Understanding how banks look at your loan application

I spend a lot of time helping businesses find capital to expand, or just working capital to help them deal with cash flow issues.  Here’s a quick guide I sent out to a client to explain how the banks would look at her loan application and how much she could expect to borrow.

It’s all about your profit

If you’re looking for a loan for working capital, a bank will look at profit, not turnover.  Their process is this: 

  • How much profit is generated on average each month? Add this to how much the directors are taking out of the business (not salaries)
  • Then add this to the depreciation in the accounts (depreciation is an accounting thing, and represents cash which was spent long ago)
  • The total is how much you’ve got to pay back a loan and pay the interest.
  • How long is the loan for? Three years would be a normal amount for a loan, but you can go up to seven years without it looking weird.
  • Can they pay it back?
If your profit isn’t looking as healthy as you’d like it to be, then you might find my Sweetspot Pricing book useful to make sure you’re selling your products or services at the right level to bring in the profit you need.
Then they’ll double-check:
  • What borrowing do they already have, eg, overdrafts and credit cards, including owners personal credit cards?
  • Do the owners have personal assets which could be sold if they default on the loan?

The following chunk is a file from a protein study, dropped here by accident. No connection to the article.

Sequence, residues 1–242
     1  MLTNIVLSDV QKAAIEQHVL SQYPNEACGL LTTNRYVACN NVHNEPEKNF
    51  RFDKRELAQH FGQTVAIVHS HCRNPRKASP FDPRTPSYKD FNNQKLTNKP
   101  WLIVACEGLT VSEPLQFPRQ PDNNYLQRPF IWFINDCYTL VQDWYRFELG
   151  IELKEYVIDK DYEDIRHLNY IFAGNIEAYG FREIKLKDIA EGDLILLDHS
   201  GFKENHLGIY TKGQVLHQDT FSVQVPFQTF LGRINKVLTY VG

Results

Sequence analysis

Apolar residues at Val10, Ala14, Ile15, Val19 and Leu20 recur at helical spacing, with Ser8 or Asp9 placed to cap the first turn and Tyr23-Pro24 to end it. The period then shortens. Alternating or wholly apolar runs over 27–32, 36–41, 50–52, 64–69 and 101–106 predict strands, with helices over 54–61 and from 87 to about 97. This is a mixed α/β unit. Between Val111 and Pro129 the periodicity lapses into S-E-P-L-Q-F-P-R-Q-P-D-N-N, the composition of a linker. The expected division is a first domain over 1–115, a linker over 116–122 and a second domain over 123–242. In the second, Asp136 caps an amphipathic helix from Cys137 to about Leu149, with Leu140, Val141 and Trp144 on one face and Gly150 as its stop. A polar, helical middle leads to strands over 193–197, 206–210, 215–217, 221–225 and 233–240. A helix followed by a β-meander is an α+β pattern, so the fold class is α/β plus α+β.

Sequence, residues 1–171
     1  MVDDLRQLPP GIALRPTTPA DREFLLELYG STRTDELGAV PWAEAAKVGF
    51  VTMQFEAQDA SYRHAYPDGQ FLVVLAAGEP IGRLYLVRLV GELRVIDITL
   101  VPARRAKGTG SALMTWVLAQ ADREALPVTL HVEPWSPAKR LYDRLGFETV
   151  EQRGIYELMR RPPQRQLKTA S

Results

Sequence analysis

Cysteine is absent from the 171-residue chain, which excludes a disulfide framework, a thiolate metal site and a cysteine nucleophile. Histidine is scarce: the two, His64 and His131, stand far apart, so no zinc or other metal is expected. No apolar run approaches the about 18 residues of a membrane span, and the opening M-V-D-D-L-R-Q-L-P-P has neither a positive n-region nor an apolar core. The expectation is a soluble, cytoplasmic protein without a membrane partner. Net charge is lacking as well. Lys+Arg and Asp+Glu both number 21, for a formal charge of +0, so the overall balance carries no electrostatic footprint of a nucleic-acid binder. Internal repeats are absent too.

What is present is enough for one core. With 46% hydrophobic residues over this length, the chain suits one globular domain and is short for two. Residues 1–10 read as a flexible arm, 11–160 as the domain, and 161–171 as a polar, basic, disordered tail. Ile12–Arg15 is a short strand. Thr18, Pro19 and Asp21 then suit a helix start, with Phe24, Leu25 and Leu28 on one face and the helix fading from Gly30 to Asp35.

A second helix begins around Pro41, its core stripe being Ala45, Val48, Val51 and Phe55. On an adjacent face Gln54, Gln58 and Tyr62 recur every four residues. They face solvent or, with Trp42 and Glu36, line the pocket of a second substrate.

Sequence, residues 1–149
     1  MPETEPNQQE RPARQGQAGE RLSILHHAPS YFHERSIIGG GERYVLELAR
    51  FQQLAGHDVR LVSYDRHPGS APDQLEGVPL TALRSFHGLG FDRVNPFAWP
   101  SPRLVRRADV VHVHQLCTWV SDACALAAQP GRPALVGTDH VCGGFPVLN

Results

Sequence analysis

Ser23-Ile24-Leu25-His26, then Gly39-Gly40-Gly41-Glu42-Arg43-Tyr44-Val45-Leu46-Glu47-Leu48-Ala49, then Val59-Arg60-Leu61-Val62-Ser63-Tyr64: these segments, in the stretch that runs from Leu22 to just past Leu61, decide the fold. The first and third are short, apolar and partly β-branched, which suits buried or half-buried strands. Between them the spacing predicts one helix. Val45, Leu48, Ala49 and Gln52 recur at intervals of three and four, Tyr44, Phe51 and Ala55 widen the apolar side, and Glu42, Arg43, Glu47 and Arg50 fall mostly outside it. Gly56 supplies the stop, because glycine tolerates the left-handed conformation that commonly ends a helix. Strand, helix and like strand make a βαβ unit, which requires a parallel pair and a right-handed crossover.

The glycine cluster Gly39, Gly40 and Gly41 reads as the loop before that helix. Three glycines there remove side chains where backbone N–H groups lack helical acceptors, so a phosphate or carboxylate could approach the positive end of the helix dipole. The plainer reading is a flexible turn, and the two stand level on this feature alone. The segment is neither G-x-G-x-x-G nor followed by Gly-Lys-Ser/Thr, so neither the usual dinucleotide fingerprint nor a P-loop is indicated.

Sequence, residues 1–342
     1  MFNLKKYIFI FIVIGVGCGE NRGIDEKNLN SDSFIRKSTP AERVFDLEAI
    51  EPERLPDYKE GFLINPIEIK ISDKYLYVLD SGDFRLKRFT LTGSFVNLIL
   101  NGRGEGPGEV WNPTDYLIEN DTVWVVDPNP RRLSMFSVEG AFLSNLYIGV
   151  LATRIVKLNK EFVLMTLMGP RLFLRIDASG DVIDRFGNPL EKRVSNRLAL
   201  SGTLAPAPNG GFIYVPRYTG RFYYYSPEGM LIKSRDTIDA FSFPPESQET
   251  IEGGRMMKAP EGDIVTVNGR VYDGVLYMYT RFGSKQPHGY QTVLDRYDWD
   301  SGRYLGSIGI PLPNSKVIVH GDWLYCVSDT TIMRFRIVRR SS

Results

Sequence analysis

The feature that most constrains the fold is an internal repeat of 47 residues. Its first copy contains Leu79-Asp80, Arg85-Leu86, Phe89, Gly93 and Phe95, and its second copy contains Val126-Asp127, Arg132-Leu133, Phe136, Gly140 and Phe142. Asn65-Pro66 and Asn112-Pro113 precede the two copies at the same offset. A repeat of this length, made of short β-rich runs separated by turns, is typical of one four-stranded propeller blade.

• What are the assets of the company, from the balance sheet?
  • Are there any negatives on the company and the owner’s credit records, eg, previous bankruptcy, IVAs, defaults?

Startups are different

If you’re a start-up, the process is a bit different because of course, you haven’t got any profits yet.  And you’ll need to have at least half of the money yourself.

Want some help with this?

If your business is looking for funding to expand, or you’ve got a profitable business but you’re having trouble with cash flow, this is an area that I advise people about all the time.

Book a decision-making session with me and I’ll help you get all your paperwork in order for the bank. I’ll also give you some advice and introductions on how to approach them. I may also have some ideas about alternative options to the bank, such as government loan schemes, peer-to-peer lending and crowdfunding.

Here’s how to get yourself 2 hours of Julia time, and save yourself a lot of worry and trouble.